Astronomy Picture of the Day

Discover the cosmos! Each day a different image or photograph of our fascinating universe is featured, along with a brief explanation written by a professional astronomer.

2004 November 10
See Explanation.  Clicking on the picture will download
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Leo A: Nearby Dwarf Irregular Galaxy
Credit & Copyright: V. Vansevicius (IoP Lithuania), N. Arimoto (NAOJ) et al., Suprime-Cam, Subaru Telescope, NAOJ

Explanation: Why isn't this small galaxy simple? The above image and contemporary observations of small nearby galaxy Leo A were supposed to show it has a simple structure. Now Leo A is known to be a dwarf irregular galaxy - one of the most common types of galaxies in the universe and a type that is likely a building block of more massive galaxy like our Milky Way Galaxy. In general, larger galaxies have recently been shown to continually eat, and be primarily composed of, many of the smaller satellite galaxies that have surrounded them. Leo A's surprising complexity indicates that that it, and possibly many small galaxies, have formation histories nearly as complex as large galaxies. Leo A spans about 10,000 light years and lies about 2.5 million light years away toward the constellation of Leo.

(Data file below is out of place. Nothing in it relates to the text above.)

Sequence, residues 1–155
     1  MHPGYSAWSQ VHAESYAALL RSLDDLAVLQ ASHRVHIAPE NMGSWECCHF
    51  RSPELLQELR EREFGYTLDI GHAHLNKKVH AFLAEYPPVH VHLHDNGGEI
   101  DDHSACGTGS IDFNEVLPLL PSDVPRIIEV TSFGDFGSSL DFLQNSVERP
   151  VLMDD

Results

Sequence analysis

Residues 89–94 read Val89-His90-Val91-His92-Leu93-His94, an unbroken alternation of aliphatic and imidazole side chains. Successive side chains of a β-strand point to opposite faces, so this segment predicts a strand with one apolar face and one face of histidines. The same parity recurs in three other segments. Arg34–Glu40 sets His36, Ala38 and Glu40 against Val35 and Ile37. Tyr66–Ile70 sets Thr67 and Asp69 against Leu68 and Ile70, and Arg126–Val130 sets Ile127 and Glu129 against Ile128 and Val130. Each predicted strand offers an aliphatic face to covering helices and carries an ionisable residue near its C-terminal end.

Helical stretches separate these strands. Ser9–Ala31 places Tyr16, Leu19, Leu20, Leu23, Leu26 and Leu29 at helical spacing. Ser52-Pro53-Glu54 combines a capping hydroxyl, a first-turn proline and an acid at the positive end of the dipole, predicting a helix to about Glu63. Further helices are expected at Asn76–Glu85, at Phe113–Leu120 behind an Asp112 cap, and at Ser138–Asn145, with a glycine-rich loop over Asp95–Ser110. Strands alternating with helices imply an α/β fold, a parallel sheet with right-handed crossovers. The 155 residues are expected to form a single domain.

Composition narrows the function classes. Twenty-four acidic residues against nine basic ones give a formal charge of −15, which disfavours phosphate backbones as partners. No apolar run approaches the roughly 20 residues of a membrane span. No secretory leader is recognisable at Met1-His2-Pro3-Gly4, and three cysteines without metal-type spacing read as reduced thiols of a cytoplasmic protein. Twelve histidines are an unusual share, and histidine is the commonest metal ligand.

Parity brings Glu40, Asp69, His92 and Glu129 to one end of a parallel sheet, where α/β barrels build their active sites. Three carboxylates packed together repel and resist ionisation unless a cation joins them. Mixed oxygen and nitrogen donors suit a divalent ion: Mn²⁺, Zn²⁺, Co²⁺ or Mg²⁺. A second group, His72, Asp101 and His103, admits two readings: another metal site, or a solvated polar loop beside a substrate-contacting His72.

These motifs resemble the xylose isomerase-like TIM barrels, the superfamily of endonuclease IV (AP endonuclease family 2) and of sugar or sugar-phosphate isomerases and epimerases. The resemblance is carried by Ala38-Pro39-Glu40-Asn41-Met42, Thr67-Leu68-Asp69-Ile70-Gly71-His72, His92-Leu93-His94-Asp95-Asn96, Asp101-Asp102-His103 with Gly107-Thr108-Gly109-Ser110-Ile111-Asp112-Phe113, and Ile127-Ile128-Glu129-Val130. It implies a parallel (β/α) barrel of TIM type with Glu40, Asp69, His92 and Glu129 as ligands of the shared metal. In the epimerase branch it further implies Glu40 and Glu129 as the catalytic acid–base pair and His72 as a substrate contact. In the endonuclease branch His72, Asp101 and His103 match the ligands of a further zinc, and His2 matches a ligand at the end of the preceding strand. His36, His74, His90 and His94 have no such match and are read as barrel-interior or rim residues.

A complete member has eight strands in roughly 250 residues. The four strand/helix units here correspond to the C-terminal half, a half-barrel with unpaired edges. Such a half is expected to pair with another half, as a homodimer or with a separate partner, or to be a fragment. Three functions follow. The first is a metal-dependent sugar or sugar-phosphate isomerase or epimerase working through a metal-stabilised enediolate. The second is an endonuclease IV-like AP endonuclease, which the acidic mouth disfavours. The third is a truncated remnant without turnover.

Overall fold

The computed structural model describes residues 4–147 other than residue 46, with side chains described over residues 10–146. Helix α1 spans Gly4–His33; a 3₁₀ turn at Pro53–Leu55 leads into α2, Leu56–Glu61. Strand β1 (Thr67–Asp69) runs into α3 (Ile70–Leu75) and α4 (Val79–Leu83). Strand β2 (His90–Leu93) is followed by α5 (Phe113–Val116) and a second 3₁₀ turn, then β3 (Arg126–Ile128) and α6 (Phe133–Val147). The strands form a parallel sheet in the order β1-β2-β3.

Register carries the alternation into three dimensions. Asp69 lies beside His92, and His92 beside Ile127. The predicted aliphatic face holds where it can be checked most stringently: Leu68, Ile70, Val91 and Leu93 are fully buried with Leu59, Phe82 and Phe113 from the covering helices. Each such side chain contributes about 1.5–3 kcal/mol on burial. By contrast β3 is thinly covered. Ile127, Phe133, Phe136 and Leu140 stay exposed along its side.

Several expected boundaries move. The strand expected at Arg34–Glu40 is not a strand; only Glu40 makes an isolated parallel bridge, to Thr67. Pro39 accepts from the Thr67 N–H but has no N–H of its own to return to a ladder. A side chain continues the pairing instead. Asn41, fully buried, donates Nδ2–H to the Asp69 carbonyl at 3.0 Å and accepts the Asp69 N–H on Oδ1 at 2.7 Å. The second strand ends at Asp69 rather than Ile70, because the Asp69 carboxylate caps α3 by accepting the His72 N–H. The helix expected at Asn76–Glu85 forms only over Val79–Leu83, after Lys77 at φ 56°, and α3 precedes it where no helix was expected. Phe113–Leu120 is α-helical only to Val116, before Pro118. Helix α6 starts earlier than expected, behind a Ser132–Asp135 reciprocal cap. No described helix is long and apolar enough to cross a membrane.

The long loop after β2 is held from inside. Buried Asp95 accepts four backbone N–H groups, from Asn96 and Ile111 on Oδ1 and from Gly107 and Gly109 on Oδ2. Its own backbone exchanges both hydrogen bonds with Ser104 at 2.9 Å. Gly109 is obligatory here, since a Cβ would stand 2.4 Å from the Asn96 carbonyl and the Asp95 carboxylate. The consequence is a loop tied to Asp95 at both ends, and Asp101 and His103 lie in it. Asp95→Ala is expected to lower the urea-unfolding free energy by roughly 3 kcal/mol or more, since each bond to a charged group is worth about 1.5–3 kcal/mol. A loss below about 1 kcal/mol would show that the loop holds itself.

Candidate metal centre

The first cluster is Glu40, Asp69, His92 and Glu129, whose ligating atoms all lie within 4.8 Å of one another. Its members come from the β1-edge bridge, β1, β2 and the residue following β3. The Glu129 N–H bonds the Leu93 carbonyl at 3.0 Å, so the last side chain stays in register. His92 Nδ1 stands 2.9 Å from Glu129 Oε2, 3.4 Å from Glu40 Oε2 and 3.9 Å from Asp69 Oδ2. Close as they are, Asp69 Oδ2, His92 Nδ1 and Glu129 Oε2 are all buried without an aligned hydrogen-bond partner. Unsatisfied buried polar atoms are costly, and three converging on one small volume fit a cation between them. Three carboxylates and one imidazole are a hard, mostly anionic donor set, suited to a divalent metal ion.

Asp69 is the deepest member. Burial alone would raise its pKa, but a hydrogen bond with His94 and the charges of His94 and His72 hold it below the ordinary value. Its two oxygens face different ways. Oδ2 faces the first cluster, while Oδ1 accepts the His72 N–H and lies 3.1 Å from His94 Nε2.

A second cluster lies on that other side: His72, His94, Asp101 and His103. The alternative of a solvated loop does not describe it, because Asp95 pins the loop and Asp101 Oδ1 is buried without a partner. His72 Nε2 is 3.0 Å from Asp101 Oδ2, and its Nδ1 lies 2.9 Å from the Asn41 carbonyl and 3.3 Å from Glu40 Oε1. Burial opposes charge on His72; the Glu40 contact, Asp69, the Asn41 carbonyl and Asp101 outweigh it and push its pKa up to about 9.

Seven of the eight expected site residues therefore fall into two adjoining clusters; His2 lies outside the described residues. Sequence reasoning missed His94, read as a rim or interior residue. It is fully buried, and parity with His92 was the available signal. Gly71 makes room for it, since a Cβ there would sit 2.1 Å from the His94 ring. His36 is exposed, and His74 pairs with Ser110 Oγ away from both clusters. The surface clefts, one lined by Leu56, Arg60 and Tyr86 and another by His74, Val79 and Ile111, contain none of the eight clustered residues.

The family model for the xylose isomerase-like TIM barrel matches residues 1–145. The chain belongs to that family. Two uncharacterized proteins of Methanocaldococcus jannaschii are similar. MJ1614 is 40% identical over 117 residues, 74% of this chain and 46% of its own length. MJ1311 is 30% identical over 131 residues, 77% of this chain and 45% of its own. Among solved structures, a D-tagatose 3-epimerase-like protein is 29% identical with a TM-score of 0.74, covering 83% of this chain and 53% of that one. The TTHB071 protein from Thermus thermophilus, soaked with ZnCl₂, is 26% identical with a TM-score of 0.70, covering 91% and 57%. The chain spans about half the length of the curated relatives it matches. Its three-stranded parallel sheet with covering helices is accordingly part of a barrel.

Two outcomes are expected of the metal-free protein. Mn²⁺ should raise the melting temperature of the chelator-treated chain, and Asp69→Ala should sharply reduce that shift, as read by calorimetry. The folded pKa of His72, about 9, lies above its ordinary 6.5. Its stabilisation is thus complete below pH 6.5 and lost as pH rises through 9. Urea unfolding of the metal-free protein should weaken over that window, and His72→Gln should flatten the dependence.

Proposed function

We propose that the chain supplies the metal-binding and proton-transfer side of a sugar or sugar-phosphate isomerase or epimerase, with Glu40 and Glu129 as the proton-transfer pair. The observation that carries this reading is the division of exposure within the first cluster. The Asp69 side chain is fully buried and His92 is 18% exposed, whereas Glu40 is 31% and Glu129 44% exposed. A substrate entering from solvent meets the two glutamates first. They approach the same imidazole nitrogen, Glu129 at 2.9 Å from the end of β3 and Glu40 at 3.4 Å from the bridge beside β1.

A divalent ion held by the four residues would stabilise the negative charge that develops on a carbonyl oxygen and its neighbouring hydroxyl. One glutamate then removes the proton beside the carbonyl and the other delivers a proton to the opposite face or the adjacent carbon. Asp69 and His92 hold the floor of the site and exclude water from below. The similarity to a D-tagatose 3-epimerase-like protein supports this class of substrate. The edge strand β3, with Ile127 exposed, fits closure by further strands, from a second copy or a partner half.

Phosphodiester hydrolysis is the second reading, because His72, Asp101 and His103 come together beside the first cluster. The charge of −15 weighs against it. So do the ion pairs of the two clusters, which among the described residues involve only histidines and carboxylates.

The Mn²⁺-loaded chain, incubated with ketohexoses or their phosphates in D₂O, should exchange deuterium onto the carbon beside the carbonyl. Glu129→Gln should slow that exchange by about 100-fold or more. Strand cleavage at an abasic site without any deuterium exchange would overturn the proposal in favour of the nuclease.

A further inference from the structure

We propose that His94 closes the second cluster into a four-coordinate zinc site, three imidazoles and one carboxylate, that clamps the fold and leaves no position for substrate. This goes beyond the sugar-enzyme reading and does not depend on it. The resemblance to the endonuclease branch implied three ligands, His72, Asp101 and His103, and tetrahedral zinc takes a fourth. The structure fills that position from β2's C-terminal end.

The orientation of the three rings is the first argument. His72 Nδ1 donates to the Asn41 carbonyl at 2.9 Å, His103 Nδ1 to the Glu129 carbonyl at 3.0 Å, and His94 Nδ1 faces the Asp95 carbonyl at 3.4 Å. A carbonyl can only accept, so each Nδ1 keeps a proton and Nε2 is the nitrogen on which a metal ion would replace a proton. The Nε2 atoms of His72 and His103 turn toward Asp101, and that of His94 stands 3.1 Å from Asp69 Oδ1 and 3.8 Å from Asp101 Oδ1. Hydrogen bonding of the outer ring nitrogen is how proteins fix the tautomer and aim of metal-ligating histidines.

Tomorrow's picture: neon triple

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